Obama’s 2015 Budget Will Include $1 Billion for Climate Change Prep

According to Reuters, President Barack Obama will include a $1 billion fund in his 2015 budget for helping communities throughout the nation prepare for climate change-related weather events.

Obama announced the fund in Fresno, California on Feb. 14 as part of his pledge to bring faster federal aid to the state as it deals with its worst drought ever.

The $1 billion fund is part of Obama’s Climate Action Plan, outlined in June 2013. It will be formally proposed in March, when Obama reveals his fiscal 2015 budget.

The fund requires approval by Congress and some are not sure if it will get it.

“Given the saliency of the issues in communities across the political spectrum, it seems likely to create some momentum for action in Congress, although obviously that is very hard to say in the current environment,” Billy Pizer, associate professor at the Sanford School of Public Policy at Duke University, told Reuters.

According to the article, in the past, Republicans and some Democrats in coal-reliant states have “bitterly opposed” attempts at passing similar legislation that would enforce a limit on carbon emissions. Some have tried to pass their own legislation to stop the Environmental Protection Agency from being allowed to regulate carbon emissions at all.

The fund’s concept was based on a December 2012 recommendation by the Center for American Progress (CAP).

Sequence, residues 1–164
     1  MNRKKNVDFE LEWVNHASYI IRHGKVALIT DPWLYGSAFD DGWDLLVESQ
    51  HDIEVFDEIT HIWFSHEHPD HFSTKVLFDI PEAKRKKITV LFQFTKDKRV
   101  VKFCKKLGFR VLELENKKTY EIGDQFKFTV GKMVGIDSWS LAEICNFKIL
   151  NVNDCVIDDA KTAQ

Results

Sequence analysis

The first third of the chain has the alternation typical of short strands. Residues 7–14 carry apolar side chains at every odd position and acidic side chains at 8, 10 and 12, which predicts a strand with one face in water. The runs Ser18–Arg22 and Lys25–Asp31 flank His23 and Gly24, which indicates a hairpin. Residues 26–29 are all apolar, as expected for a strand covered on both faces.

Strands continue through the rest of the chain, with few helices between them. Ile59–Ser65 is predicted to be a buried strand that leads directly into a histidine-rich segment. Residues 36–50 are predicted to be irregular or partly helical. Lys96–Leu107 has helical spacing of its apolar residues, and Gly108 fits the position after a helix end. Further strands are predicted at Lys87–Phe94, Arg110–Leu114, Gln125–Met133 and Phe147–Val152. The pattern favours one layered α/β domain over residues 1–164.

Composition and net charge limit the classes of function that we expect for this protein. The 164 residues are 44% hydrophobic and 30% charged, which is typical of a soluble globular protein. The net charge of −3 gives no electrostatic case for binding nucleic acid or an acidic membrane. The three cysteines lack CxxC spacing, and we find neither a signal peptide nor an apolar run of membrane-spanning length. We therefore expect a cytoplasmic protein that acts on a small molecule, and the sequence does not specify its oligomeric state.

According to the article, the White House says the goal is to use the fund to help communities cope with extreme weather, including droughts, floods, heat waves and wildfires. The fund would also be used for researching how to better prepare for the effects of climate change, such as rising sea levels and extreme temperatures.

The director of the White House’s Council for Environmental Quality, Nancy Sutley, also spoke last Friday. According to Reuters, she said Obama will emphasize the importance of climate resilience by using the current California drought as a prime example.

“This continues to demonstrate the continuing need to focus on resiliency, on reducing risks and vulnerabilities in light of the changing climate,” said Sutley, whose home state is California.

Reuters also quoted Daniel Weiss, director of climate strategy at CAP, who spoke last Friday.

“Every dollar spent on resilience will save federal taxpayers $4 in lower disaster recovery costs,” said Weiss.

“Now it's up to Congress to make this essential preparedness fund into a reality.”

 

For more information, see the original Reuters article here: http://www.reuters.com/article/2014/02/15/us-usa-climate-fund-idUSBREA1E03D20140215